Previews: Oct. 6
Opening: Nov. 4

King Kong

This musical spectacular — retelling the classic 1932 tale of the giant ape enchanted by an actress, transported to Manhattan and tragically killed at the top of the Empire State Building — comes to New York after five years of further development since its 2013 premiere in Melbourne, Australia. Backed by Global Creatures, the Sydney-based company behind the international arena smash Walking With Dinosaurs, the $36.5 million production features a 20-foot animatronic gorilla, with Christiani Pitts as Ann Darrow, the actress who captures the beast’s heart. Playwright Jack Thorne, hot off his Tony win for Harry Potter and the Cursed Child, pens the latest version of the book, with songs by Australian musician Eddie Perfect, music by British composer Marius de Vries and direction and choreography by Drew McOnie. The long-gestating project has passed through the hands of various creative teams en route to this final iteration, making it perhaps the biggest gamble on Broadway since Spider-Man: Turn Off the Dark.

Previews: Oct. 5
Opening: Nov. 8

The Prom

Director-choreographer Casey Nicholaw, a Tony winner for The Book of Mormon, brings his customary razzle-dazzle to an ensemble led by Brooks Ashmanskas, Beth Leavel, Christopher Sieber and Michael Potts in this original musical comedy with a book by Bob Martin (The Drowsy Chaperone) and lyricist Chad Beguelin (Aladdin) and music by Matthew Sklar (Elf). Described as a joyous celebration of the power of love and change, the show premiered to rave reviews at the Alliance Theatre in Atlanta; it tracks the big noise that ensues when brassy Broadway stars take up the cause of a high-school student sidelined from her small-town Indiana prom.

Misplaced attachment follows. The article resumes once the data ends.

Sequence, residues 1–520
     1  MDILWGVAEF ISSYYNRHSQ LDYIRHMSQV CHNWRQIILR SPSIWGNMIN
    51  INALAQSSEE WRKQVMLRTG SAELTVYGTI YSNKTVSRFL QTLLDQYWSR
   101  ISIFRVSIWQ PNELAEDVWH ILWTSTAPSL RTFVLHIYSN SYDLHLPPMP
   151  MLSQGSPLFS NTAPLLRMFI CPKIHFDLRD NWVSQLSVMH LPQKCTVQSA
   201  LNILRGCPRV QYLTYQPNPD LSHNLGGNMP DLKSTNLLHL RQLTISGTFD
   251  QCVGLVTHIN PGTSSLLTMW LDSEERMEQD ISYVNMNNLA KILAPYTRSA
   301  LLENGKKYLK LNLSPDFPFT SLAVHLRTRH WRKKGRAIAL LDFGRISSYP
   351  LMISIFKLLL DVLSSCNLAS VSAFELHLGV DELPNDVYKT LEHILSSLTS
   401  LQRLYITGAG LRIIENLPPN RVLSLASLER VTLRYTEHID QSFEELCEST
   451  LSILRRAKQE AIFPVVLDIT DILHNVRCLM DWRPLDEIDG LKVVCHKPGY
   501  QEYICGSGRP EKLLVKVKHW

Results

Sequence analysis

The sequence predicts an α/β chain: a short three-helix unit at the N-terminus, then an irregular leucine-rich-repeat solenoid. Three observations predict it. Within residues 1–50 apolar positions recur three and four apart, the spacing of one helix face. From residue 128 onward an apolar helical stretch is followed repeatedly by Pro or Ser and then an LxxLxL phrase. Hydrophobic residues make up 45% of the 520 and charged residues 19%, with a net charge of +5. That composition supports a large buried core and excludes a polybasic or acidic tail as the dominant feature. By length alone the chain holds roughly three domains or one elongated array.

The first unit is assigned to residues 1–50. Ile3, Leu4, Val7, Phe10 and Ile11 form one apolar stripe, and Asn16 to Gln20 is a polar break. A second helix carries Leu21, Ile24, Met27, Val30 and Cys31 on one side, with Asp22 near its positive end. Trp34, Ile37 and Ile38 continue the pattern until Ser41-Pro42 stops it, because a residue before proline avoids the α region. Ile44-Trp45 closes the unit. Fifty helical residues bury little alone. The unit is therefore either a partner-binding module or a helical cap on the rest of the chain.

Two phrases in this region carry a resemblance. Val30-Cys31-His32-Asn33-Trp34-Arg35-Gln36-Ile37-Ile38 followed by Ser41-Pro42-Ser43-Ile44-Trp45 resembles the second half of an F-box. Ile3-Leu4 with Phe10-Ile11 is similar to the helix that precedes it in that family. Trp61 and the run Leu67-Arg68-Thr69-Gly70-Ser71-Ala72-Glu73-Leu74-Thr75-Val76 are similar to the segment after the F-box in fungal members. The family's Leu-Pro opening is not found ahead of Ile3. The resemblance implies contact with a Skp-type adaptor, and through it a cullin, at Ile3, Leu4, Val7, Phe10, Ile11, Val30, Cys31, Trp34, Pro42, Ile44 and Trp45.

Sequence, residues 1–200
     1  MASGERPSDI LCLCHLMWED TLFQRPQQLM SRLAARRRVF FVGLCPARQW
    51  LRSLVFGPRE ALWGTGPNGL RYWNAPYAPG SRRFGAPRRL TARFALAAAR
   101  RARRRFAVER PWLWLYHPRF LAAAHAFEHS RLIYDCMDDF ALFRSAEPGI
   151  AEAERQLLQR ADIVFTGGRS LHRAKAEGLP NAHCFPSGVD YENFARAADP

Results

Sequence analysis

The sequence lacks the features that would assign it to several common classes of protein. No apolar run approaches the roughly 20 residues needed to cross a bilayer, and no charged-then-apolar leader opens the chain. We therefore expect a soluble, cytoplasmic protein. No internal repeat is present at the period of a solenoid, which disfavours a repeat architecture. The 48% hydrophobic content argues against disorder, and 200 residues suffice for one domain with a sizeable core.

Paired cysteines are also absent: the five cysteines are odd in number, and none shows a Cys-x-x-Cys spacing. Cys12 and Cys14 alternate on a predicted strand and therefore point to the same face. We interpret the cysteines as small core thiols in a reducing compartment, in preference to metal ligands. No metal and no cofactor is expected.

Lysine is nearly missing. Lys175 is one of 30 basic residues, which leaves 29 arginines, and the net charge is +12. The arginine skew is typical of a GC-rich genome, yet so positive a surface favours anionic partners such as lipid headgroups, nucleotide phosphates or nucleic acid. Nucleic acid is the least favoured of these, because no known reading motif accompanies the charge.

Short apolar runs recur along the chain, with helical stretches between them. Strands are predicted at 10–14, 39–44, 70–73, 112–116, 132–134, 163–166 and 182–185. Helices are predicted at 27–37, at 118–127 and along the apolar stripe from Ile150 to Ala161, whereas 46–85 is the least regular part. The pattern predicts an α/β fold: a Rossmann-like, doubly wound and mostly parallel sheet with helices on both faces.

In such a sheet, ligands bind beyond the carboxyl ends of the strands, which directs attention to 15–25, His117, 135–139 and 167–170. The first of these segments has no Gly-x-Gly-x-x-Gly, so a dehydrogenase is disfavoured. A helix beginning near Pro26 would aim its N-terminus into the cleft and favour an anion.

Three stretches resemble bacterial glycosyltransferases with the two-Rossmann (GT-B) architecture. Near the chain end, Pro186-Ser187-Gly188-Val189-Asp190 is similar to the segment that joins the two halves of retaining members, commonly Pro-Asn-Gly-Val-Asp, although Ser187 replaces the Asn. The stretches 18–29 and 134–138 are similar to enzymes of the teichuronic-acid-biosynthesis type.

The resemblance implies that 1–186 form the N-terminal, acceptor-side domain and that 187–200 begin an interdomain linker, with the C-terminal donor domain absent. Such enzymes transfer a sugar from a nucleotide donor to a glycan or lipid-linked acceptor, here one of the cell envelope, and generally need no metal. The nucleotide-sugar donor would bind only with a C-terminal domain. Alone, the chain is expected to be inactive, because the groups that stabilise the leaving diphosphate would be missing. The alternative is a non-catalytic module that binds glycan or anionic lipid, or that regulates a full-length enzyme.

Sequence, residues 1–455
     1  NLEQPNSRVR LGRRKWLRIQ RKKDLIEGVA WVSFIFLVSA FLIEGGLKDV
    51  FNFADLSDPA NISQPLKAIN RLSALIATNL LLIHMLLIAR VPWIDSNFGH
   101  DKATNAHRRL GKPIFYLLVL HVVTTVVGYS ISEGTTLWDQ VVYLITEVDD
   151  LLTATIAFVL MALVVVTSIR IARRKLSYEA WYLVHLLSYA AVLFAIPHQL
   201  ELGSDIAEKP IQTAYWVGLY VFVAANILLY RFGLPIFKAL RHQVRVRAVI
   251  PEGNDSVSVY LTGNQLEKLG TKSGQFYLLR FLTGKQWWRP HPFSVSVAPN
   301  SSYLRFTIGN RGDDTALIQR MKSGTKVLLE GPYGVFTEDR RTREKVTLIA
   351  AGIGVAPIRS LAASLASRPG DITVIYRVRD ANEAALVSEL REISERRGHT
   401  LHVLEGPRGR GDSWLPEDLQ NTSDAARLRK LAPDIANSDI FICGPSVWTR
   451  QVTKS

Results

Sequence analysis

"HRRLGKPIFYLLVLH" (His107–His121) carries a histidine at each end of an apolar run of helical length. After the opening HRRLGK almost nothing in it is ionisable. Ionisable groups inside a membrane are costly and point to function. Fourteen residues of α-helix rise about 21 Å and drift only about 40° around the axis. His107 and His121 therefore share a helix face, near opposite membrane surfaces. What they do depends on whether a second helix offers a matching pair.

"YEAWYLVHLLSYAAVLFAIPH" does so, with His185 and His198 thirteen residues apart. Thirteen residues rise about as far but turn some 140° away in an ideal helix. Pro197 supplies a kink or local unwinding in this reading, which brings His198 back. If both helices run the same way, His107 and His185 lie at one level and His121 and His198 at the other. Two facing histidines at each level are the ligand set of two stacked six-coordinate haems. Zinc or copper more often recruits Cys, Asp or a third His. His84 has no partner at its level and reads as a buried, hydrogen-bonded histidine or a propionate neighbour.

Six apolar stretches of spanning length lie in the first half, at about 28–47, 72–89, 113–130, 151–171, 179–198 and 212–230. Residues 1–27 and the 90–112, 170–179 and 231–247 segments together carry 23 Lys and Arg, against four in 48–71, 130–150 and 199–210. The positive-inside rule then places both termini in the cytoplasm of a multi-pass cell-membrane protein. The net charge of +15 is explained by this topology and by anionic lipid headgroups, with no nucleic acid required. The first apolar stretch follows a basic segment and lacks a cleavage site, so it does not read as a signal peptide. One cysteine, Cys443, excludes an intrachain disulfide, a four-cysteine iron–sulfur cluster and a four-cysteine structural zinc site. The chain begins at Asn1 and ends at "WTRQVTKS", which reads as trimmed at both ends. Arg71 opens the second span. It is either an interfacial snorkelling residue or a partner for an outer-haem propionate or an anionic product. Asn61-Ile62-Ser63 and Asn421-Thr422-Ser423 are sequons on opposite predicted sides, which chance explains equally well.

Previews: Oct. 23
Opening: Nov. 15

The Cher Show

Cher and Cher alike. Three actresses — Stephanie J. Block, Teal Wicks and Micaela Diamond — play the queen of a thousand farewell tours at different ages in this bio-musical viewed through the lens of the 1970s-style TV variety shows on which she first shot to fame. Rick Elice, who spawned a massive hit with another jukebox musical, Jersey Boys, pens the book, with Jason Moore (Avenue Q on stage, Pitch Perfect on screen) directing and choreographer Christopher Gattelli in charge of reinterpreting the period dance moves. The show traces Cher’s life and 50-plus years in showbiz, from early hits like her duet with first husband Sonny Bono, “I Got You Babe,” through her chart-topping comeback with “Believe,” her movie successes and beyond. Legendary costumer Bob Mackie plays a key role both onstage and off, appearing as a character while also designing the eye-popping array of outrageous outfits that made Cher such a fearless red-carpet trailblazer.